Yet again, the Prime Minister is adamant late last week rejecting the notion that inability to access finance is the main reason why his countrymen and women are not in the manufacturing sector in large numbers. Speaking at his occasional press briefings to the local press and foreign correspondents based in Addis Abeba, Hailemariam argued, “finance is only one part of the problems.”
“The fund we’ve allotted to the sector has not been exhausted,” Hailemariam told representatives of the local media on Friday afternoon, July 18, 2014, where he was observed to be more relaxed and at ease. “We’ve yet to accept finance is an issue. There is no local investor [in the manufacturing sector] who has been deprived of loans.”
He rather sees “determination, risk taking and experience,” in short stocks among local businesses, while an entrenched “rent seeking behaviour” to focus on areas of high margin sectors, such as real estate, are to be blamed. The Prime Minister was also candid in accepting outlooks of those in the bureaucracy, particularly in the logistics corridor, as major factor, for they bent to regulate than facilitate to the benefit of manufacturers and exporters. Indeed, the World Bank study finds inefficiency in trade logistics as a main barrier for the private sector and “a major policy challenge to the government.”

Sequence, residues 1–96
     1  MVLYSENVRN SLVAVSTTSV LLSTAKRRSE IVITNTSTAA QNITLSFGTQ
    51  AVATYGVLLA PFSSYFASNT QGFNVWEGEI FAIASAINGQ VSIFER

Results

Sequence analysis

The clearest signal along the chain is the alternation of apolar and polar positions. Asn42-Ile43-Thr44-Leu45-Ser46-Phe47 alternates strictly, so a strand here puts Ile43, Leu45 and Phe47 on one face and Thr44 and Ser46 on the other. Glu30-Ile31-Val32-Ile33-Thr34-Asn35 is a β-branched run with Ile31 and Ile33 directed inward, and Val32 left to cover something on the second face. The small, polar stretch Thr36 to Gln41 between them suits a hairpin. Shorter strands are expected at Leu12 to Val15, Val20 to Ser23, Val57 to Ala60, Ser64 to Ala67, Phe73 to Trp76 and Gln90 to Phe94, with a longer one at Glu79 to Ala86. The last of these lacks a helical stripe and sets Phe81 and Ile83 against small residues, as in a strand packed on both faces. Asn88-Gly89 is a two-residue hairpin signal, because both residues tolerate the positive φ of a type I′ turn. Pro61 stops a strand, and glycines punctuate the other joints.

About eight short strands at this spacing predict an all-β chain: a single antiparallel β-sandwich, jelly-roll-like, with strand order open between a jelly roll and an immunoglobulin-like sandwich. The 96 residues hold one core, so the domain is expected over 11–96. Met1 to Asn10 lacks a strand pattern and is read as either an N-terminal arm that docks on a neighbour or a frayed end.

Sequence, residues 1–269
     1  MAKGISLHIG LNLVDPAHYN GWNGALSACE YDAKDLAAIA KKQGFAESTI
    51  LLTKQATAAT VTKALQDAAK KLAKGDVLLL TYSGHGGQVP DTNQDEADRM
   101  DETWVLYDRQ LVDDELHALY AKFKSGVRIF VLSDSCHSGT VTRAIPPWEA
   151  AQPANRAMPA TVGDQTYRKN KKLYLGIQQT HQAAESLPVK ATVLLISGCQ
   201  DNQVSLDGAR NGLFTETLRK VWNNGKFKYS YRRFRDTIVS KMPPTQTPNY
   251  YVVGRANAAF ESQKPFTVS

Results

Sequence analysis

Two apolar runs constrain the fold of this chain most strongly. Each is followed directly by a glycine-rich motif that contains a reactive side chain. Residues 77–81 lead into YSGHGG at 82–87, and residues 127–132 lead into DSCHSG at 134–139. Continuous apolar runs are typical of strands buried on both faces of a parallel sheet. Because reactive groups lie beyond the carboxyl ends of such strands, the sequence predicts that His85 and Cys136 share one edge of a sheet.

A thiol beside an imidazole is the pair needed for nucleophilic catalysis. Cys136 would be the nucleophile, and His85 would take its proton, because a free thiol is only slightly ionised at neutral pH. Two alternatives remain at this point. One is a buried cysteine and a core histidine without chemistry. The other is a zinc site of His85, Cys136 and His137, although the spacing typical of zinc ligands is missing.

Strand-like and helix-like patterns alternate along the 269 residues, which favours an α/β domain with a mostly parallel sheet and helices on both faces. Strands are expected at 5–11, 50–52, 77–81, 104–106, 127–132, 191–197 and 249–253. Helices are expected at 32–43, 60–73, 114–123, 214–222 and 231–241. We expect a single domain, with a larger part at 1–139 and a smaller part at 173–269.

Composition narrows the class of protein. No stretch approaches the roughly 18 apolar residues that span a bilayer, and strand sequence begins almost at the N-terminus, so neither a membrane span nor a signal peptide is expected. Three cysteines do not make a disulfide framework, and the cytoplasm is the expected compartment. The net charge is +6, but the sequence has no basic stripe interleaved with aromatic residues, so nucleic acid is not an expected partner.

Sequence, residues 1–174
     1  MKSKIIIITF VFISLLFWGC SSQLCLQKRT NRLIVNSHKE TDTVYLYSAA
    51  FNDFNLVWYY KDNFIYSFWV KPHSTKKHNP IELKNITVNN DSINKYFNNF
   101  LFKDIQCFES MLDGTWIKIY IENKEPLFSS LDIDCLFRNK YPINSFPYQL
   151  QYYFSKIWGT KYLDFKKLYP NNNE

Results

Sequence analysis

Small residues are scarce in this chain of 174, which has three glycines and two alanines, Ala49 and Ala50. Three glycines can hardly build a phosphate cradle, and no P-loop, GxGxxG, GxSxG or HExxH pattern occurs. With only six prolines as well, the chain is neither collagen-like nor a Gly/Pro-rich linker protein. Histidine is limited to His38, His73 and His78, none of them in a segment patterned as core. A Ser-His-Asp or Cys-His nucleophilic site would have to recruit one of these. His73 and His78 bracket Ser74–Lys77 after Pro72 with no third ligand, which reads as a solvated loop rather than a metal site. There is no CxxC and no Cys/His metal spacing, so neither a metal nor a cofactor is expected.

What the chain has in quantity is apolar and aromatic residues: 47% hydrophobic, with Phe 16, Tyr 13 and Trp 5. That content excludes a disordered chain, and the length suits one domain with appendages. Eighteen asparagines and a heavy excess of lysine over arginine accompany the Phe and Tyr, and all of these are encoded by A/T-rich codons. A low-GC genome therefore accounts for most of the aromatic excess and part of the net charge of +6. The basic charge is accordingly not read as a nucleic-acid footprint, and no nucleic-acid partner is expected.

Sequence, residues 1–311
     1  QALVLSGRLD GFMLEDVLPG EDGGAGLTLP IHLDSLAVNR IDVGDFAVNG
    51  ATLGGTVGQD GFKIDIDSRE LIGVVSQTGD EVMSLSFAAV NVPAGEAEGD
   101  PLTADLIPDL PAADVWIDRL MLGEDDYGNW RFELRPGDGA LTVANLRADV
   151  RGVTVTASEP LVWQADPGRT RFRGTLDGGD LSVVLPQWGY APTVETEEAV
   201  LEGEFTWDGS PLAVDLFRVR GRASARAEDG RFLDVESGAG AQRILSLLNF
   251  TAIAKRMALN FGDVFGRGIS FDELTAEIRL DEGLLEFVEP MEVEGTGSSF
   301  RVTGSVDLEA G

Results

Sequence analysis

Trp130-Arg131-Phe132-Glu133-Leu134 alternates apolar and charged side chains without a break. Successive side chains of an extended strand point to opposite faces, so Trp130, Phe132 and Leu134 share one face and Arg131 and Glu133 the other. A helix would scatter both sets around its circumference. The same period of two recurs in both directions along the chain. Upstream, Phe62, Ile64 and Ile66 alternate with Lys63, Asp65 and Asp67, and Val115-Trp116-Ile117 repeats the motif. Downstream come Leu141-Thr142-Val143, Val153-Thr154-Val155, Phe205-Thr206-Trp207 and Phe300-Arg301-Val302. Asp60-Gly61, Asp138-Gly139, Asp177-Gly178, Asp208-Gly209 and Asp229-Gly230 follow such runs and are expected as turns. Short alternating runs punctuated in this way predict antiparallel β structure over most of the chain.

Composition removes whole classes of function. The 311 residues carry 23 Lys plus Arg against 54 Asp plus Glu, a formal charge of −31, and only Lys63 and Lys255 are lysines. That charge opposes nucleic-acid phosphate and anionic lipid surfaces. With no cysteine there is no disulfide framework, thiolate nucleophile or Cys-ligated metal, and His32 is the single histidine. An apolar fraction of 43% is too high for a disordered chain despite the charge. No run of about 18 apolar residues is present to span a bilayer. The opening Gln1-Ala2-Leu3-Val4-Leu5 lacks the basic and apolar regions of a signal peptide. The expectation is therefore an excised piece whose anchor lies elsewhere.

“The fiscal cost of implementing most of the trade logistics recommendations is either low or moderate, except spending on infrastructure and trade corridor developments, which would need to be weighed against other expenditure priorities,” the Bank’s study reveals.